The Reserve Bank of Australia (RBA) has announced it will keep cash interest rates at the historic low of 0.1 percent in the wake of its first board meeting in 2021 on Feb. 2.
RBA governor Philip Lowe said that while the economy is bouncing back more strongly than anticipated, with GDP predicted to return to its pre-pandemic level 6 to 12 months earlier than previously expected and the unemployment rate looking at dropping further, the outlook for wage and inflation growth remains weak.
“The CPI increased by just 0.9 percent over the year to the December quarter and wages (as measured by the Wage Price Index) are increasing at the slowest rate on record,” Lowe said.
He also said that the RBA expects both to remain below 2 percent over the next couple of years.
“The board will not increase the cash rate until actual inflation is sustainably within the 2 to 3 percent target range,” he noted. “ The board does not expect these conditions to be met until 2024 at the earliest.”
Lowe reiterated the central bank’s position to keep money cheap and Australian dollar low when addressing the National Press Club on Feb. 3.
“We’re going to keep the monetary support going until people have jobs and firms have to pay high wages to get the workers they need,” he said. “I’m confident that that will eventually work, but we have to be patient.
The central bank holds that “significant fiscal and monetary supports” remain crucial to a sustained recovery.
In line with this stance, the RBA has also decided to continue with other tools that have kept funding costs low and facilitated the supply of credit. These include purchasing an additional $100 billion of government bonds at the completion of the current quantitative easing (QE) program in mid-April.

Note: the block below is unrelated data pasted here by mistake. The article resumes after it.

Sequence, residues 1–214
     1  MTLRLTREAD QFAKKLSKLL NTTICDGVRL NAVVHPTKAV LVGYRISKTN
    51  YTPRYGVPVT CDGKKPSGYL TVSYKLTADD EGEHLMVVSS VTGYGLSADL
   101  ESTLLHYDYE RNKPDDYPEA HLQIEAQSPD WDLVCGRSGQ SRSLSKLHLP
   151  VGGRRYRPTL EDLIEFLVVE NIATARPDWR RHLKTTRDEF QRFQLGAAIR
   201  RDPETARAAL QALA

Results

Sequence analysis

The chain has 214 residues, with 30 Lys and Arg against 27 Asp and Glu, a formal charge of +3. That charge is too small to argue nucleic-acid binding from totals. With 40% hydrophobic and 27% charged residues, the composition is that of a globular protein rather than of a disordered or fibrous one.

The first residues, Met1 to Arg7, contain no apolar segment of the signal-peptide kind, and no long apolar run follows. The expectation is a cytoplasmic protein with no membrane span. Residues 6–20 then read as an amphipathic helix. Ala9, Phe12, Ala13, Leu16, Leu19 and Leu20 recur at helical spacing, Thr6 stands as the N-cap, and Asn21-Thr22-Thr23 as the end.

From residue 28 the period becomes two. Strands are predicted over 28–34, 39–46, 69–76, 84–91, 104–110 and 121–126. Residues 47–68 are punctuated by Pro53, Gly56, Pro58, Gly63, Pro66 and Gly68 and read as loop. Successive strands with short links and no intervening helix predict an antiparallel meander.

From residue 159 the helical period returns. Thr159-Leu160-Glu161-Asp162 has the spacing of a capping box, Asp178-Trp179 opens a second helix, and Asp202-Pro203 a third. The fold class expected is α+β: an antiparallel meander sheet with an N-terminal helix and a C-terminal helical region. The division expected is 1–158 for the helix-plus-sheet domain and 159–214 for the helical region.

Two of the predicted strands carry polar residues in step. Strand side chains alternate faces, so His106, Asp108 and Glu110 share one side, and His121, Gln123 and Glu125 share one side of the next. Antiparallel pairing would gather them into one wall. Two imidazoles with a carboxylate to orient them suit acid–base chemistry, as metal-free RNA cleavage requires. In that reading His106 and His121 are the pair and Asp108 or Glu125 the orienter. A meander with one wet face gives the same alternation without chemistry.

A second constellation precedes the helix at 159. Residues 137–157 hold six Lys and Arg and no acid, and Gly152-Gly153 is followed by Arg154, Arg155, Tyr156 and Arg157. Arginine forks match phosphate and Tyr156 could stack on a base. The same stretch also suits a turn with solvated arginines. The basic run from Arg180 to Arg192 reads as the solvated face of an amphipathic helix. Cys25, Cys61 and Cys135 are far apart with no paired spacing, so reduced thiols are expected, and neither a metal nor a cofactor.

The RBA’s announcement came amidst a swathe of statistics demonstrating brisk economic recovery led by booming property markets, thanks to unprecedented fiscal and monetary stimulus.
ABS figures released on Feb. 3 showed building approval for freestanding houses jumped by 15.8 percent in December 2020, up 56 percent over the year to a record high.
The CoreLogic report on Feb. 1 also reveals that the country’s median house prices have climbed to their highest level on record, with every capital city experiencing an increase through the first month of the year.
The momentum has raised concerns over potential property bubble. However, Lowe said he hadn’t seen anything unsustainable with the current house market dynamic.
“Am I worried about asset prices rising too quickly? At the moment, not essentially so,” he said, explaining that the national house price index today is where it was four years ago, and the equity market is just back to where it was at the beginning of last year.
Instead, he views the assets price increase at the moment as a contributor to ongoing economic recovery. This would encourage spending through positive wealth effects and additional residential construction.
However, Lowie said the central bank was monitoring lending standards closely. “We would be concerned if there were to be a deterioration in these standards, but there are few signs of this at the moment.”
Last year RBA cut the nation’s cash rate three times in response to the economic downturn induced by the CCP (Chinese Communist Party) virus, commonly known as the novel coronavirus. In February 2020, interest rates sat at 0.75 percent, and has dropped 65 basis points within 12 months.